Not entirely. 

Because Trump and his supporters have succeeded in doing something that poses a continuing threat to our democratic system: They have taken over one of our two major political parties. The radical right now controls the Republican Party. In a two-party system like ours, a party in power is bound to lose the confidence of the voters after a period of time. Eventually the desire for “change” will build, and the opposition party will come to power. It could take longer if the opposition party is seen as radical, but eventually it is bound to happen. That’s how two-party systems work.

It took 20 years for a Republican president to get elected after Franklin D. Roosevelt won in 1932, but eventually Republicans came up with a candidate who had no taint of radicalism (which in those days meant McCarthyism) — Dwight D. Eisenhower, who commanded the World War II military victory in Europe. 

Republicans have flirted with radicalism before, most notably when Barry Goldwater won the GOP nomination in 1964 (“Extremism in defense of liberty is no vice”) — but Goldwater didn’t win. Trump did. And that convinced many Republicans that Trump’s brand of crude populism and racism could succeed.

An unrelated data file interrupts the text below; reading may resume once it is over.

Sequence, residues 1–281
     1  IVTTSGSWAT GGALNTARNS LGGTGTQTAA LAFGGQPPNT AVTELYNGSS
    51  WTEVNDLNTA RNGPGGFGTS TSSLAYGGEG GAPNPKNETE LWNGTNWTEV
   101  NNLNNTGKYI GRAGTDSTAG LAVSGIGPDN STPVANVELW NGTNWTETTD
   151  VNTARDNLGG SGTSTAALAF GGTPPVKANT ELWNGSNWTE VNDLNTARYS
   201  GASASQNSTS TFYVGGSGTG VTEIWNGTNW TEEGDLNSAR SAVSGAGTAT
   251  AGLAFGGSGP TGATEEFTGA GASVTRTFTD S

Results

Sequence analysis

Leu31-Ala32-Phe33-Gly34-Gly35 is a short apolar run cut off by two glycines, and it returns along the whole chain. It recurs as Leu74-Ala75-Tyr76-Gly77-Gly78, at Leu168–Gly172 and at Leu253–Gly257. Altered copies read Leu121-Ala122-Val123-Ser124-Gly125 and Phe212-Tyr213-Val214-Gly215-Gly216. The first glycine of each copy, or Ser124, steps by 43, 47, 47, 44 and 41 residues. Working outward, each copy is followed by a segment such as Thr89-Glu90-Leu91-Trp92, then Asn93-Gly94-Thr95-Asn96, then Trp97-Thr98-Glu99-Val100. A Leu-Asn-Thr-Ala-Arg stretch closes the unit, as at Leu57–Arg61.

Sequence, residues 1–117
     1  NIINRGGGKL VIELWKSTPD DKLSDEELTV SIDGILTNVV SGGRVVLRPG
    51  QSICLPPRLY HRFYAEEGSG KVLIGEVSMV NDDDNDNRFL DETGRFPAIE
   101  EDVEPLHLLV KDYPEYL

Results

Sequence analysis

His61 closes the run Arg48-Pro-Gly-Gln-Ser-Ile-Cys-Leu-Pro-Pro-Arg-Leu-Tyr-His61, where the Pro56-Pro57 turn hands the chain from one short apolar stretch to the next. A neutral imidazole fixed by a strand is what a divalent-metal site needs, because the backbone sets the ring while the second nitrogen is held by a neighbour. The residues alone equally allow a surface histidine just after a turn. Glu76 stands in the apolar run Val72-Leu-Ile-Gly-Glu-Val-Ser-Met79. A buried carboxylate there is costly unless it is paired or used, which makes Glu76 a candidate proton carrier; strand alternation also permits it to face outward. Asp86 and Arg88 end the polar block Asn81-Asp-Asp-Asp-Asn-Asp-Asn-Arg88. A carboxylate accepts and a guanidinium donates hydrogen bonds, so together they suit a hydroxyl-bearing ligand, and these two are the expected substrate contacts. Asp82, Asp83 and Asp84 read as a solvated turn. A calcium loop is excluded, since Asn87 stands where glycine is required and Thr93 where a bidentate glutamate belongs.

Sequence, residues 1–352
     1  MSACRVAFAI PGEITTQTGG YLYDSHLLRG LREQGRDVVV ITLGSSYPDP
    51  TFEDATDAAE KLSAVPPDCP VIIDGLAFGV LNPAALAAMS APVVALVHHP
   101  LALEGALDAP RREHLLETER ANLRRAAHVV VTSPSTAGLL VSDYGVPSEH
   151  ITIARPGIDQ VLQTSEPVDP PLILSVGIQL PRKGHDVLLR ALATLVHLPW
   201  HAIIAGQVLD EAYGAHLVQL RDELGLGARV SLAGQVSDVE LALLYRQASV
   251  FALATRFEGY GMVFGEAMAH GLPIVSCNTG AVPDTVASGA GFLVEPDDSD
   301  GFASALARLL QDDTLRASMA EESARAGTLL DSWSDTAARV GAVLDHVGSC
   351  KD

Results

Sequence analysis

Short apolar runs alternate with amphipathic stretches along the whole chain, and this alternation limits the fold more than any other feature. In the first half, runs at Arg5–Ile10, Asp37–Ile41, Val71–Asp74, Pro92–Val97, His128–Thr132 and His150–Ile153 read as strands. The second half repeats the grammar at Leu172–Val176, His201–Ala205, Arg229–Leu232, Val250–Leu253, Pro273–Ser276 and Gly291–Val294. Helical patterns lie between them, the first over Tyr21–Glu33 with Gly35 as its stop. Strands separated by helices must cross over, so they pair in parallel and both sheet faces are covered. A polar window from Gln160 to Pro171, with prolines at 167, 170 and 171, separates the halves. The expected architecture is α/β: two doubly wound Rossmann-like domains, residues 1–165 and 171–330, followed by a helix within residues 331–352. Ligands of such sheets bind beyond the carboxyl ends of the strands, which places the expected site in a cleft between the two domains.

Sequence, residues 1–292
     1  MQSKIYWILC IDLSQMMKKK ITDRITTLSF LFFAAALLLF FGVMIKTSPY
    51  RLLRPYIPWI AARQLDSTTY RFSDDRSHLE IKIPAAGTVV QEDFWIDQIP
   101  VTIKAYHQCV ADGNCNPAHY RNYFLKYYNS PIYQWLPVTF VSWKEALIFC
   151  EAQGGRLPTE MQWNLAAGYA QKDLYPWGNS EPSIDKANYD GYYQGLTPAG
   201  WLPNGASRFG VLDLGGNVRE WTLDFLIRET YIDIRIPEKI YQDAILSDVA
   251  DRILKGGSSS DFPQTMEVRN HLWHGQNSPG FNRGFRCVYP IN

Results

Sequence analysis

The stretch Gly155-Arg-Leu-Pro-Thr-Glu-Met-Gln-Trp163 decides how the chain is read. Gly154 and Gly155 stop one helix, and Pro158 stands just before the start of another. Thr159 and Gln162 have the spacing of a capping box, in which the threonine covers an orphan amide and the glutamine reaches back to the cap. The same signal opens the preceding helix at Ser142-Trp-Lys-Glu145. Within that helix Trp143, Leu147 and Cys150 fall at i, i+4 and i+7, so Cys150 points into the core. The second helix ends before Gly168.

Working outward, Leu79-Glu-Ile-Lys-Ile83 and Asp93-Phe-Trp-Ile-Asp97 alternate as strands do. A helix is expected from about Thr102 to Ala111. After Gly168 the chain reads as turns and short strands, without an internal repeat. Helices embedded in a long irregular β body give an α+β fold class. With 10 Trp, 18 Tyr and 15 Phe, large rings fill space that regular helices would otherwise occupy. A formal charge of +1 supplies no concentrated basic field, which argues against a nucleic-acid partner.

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Is there popular support for Trump’s brand of authoritarianism? More than you think. Both national and state polls taken during last year’s presidential campaign regularly overstated Joe Biden’s margin of victory. According to a report by the American Association for Public Opinion Research, one plausible explanation is that statements by President Trump that “polls were ‘fake’ and intended to suppress votes  . . .  could have transformed survey participation into a political act whereby his strongest supporters chose not to respond to polls.”

In 2016, Matthew MacWilliams reported in Politico that “Trump’s electoral strength — and his staying power — have been buoyed, above all, by Americans with authoritarian inclinations.” That appears to be the case with older Americans who are “socially disconnected.”

And less educated.

Of the ten states with the lowest education levels, only two voted for Biden (Nevada and New Mexico). All ten of the best educated states voted for Biden.

Now consider this: The ten states with the highest percentages of the population fully vaccinated against COVID all voted for Biden. Of the ten states with the lowest vaccination rates, all but one (Georgia) voted for Trump.

Trump supporters would say that proves they are the least authoritarian because they refuse to take advice from government. They don’t want government telling them they have to get vaccinated. But what it really means is that Trump supporters don’t trust expertise — government experts and scientists who claim to know more than they do about what’s good for them. Even if they do.

Bill Schneider is an emeritus professor at the Schar School of Policy and Government at George Mason University and author of ‘Standoff: How America Became Ungovernable (Simon & Schuster).